Leadership movement that has taken hold in the past decade. If you have a
strong desire to learn more about positivity, that is a great place to start.
For those of you who want practical tips on how you can insert this concept
today, here are a few of my favorite ways:

1. Remove the word “Problem” from your
 The best leaders, organizations, and employees look at every
situation as an opportunity.  For example, your best client calls in
screaming that something went wrong.  Do you go looking for the “problem?”
 Does your team gather together for the ultimate “problem solving”
session?  With the courage to be positive, we should instead ask, “Where
is the opportunity here?”  We must look for the opportunity to improve and
work to ensure we upgrade our process so no other client has the same
experience. It can also be an opportunity to show our best client that we
listen, and that we will make changes to improve their experience. The shift is
simple, but the results are often elegant.  

2. Replace “No”, with “Yes.” This concept is not new, and even stolen
from improv comedy, books, and Hollywood movies. Imagine what your day would
look like, if you said “Yes” to everything. Terrified? Don’t worry, there are a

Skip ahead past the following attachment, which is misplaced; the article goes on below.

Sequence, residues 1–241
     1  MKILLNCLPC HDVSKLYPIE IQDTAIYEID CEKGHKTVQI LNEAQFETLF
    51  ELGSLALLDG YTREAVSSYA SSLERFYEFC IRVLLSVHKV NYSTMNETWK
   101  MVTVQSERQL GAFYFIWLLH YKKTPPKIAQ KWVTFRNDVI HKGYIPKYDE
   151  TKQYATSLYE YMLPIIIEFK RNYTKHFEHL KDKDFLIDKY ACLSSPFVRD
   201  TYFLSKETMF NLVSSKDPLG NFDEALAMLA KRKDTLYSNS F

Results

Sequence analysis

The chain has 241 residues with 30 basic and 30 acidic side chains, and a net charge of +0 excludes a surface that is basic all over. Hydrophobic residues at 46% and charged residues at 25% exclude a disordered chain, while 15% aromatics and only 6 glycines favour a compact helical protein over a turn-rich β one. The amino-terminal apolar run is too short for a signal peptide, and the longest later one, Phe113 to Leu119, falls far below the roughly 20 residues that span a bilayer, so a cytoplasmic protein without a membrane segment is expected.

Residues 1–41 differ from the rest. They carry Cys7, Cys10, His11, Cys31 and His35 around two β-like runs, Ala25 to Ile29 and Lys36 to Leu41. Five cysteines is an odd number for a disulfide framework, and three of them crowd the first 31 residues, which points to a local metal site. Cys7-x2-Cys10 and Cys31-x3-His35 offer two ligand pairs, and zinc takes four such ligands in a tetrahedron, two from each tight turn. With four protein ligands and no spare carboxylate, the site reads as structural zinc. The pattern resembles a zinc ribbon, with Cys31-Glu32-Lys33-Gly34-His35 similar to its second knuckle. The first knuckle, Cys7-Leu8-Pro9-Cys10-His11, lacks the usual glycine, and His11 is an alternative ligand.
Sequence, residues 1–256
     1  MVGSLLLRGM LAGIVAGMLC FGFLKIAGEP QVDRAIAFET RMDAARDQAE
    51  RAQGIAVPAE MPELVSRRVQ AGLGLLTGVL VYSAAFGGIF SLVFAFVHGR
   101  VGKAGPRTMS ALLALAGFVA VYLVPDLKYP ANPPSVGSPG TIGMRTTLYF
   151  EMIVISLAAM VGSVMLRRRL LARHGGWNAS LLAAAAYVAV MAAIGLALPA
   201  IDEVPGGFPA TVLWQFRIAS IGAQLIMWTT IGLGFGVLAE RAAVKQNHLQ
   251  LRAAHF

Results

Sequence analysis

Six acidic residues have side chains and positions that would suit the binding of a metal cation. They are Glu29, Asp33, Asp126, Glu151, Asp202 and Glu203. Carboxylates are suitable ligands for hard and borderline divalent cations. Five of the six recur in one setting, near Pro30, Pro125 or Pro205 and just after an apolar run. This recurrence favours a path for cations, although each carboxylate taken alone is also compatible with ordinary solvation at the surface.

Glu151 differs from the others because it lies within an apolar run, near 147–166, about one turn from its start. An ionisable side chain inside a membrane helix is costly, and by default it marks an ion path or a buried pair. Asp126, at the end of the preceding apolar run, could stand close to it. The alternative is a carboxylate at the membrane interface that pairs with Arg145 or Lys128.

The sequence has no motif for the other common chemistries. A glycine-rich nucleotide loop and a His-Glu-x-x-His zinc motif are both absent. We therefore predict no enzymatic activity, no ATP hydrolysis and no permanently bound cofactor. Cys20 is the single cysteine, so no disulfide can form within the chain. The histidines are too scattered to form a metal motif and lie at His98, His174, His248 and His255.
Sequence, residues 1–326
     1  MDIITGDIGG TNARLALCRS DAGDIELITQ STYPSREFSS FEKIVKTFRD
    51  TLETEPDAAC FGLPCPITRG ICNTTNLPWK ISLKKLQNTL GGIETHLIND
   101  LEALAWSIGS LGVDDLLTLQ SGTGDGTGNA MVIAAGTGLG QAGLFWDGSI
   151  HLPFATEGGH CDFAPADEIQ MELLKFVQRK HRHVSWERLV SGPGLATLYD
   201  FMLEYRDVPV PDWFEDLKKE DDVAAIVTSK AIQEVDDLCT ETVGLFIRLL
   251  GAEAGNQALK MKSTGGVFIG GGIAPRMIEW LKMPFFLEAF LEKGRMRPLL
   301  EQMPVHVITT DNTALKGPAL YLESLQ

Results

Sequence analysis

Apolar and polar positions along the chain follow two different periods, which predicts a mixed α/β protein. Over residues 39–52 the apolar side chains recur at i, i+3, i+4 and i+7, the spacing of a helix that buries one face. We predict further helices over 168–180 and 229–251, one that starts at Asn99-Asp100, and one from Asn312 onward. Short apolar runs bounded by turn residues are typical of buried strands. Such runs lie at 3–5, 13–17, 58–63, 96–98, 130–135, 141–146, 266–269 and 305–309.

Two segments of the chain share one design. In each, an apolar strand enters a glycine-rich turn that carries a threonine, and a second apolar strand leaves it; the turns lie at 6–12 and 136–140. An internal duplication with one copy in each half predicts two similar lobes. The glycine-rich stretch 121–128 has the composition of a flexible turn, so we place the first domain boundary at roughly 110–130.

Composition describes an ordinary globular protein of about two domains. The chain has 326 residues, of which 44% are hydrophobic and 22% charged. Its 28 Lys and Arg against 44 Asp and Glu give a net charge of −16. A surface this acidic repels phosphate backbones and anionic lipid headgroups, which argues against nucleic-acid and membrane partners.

few strategies to help you navigate this new world. Try using “Yes, and…” as
well as “Yes, but…” It works with everything. It also changes the perceptions
of those around you. Instead of a blocker, you are a facilitator. Instead of
boss, you are now a mentor. It also works wonders with teenagers. “Can I borrow
the car?”  “Yes, but only after your homework is done.”

3. Positive dissonance will turn any situation upside down. This is
the concept of looking at any event, and discovering what is working
well. If one out of ten new leads sign up, should we focus on why the nine
don’t, or why the one does?  Positive Dissonance tells us to focus on why
the one liked us, and go deeper into understanding so that we can sign up more
leads the next time.  That doesn’t mean we ignore the nine, but the focus
should be first on why we succeeded with the one out of ten. This simple change
in focus to what is good, right, and positive will have a lasting and measured
impact on you, your team, and your organization.  

Now, go out into
the world and give one or more of these strategies a try.  You won’t
become a hippie or neuroscientist, but maybe you will be someone’s favorite
boss by providing them the environment to succeed and do their best work.
 Remember to do what you love, and show the world how talented you can be

Chris Dyer,
author of The Power Of Company Culture: How Any Business Can Build A
Culture That Improves Productivity, Performance And Profits,
is the Founder and CEO of PeopleG2,
a background check and intelligence firm based in California. He is the host of
TalentTalk on OC Talk
Radio and iHeartRadio, an in-demand speaker on company culture, remote
workforces, and employee engagement, and a frequent contributor to ForbesInc.
HR.com, the Society for Human Resource Management, and many more.
For more information,
please visit